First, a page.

HA-Bridge, which is used to emulate Phillips Hue bulbs so Echo can detect the devices, is incapable of such commands. Thankfully it can run external scripts. Continue reading 'Full control of your LimitlessLED/Milight – v6- bulbs from Amazon Echo'»

Using FusionCharts in SSRS reports

By , January 30, 2017 12:11 pm

Microsoft’s SSRS is pretty advanced reporting system with multitude of advanced features. SSRS also has charting capabilities, but it’s somewhat lacking compared to more advanced desktop or web charting suites

On the other hand FusionCharts offers very cool charting package with gazillion of chart types and very cool features. But it uses JavaScript engine and renders charts client-side only!

What if there was a way to marry the two technologies together – to render cool FusionCharts in advanced SSRS repots? Continue reading 'Using FusionCharts in SSRS reports'»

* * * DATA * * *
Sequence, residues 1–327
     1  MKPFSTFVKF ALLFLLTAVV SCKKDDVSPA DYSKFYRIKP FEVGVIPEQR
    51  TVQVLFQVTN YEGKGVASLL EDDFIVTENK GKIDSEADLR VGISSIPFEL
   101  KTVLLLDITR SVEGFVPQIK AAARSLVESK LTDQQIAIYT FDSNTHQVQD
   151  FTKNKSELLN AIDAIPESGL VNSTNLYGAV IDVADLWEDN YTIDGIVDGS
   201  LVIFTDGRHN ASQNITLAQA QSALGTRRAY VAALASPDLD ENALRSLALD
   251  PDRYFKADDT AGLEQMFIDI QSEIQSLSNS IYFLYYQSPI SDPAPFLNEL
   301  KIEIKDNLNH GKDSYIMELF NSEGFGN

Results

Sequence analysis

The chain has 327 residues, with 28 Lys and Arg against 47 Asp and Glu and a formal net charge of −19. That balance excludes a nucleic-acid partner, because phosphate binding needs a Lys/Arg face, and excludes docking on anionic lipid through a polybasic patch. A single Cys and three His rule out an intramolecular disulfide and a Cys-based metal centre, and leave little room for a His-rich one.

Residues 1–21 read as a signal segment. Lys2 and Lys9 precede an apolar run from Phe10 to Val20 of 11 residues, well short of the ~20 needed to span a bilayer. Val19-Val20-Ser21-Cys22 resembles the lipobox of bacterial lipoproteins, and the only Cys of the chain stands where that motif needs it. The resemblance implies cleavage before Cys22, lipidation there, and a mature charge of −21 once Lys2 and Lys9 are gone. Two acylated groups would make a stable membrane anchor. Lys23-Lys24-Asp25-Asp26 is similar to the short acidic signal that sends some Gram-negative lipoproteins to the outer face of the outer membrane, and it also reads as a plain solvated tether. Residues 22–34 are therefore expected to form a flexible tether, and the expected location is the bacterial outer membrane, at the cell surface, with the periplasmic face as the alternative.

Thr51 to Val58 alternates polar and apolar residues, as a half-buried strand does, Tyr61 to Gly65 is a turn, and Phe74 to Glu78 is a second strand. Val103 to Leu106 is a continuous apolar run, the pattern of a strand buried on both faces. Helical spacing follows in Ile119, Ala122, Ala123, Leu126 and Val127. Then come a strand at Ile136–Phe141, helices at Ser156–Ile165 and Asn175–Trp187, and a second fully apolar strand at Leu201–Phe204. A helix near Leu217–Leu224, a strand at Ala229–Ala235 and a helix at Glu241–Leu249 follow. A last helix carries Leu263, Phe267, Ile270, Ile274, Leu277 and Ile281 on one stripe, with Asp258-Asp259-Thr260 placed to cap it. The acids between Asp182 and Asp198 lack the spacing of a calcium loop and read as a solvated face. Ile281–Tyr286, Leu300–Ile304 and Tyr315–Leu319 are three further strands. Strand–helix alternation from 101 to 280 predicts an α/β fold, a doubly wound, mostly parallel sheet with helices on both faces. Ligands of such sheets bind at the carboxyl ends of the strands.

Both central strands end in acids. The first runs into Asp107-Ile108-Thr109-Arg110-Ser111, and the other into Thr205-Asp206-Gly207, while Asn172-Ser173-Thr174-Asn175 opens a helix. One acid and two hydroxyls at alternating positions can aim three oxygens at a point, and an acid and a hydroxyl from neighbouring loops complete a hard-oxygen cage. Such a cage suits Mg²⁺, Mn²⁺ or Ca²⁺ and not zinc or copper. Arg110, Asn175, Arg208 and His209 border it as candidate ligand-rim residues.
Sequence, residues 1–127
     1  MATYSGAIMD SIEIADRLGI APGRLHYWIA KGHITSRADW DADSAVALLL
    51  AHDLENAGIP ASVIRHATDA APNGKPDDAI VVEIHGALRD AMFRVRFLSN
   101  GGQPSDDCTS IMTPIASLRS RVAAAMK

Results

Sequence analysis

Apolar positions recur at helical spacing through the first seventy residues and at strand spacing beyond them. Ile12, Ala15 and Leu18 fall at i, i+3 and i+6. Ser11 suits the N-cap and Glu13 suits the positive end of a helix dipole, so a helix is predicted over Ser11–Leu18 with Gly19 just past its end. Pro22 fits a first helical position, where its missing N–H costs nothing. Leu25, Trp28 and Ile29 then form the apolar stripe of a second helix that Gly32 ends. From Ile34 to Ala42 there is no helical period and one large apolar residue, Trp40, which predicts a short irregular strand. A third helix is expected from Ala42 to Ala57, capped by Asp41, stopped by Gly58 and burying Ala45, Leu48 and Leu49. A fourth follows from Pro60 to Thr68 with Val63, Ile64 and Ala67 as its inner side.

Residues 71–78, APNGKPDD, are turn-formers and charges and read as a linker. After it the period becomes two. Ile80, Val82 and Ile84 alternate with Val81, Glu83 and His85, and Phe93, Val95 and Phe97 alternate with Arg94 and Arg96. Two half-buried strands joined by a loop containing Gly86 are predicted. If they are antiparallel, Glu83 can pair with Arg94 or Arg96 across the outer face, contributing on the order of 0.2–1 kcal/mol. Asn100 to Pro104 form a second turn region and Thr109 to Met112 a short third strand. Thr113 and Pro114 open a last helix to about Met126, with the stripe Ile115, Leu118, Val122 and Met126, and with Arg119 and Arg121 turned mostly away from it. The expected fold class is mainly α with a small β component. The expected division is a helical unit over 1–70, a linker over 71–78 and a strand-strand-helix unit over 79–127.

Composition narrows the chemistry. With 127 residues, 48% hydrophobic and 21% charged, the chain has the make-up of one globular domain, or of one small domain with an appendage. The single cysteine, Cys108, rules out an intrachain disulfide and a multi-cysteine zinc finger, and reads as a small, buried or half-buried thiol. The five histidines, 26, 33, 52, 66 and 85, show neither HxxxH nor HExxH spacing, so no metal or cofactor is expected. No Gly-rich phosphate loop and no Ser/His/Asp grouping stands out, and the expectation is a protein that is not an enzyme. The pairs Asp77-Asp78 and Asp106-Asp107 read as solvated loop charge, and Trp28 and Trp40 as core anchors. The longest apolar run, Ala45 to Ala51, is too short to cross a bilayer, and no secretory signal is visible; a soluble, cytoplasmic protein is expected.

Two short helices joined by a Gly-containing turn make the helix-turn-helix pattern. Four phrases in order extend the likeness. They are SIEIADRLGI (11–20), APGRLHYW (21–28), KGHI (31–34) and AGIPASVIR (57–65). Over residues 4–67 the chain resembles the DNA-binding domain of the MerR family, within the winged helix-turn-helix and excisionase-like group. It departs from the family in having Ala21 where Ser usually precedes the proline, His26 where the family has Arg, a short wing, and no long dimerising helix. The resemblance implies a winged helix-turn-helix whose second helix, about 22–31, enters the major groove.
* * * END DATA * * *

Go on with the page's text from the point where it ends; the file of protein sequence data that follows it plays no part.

There’s new reflective LCD in town (SMA Q2 vs PTS)

By , January 20, 2017 12:23 pm

I’ve been a fan of Pebble smartwatch for a very long time, both as a user and developer, but recently, even before announcement of Pebble acquisition by FitBit I got curious – what else’s out there? Two mainstream branches of smartwatches – Android Wear and “The Watch” are of no interest to me – too boring. So I looked into Samsung Gear watches – Tizen platform is very interesting, then it was Vector Watch (which ended up being bought by FitBit as well) and now a new ePaper watch from Chinese company Shenzhen – SMA Q2 (sometimes called SMA Time).

There is no question that despite obvious visual similarities, at this point in time Pebble Time Steel is vastly superior to SMA Time. PTS is on 4th generation firmware which brought many advanced features over the years, PTS has a very popular appstore and high quality developer ecosystem. SMA Time feels like Pebble circa firmware v1.x (probably even less, e.g. it has only 3 slots for watchfaces on the watch) but it seems to have great potential.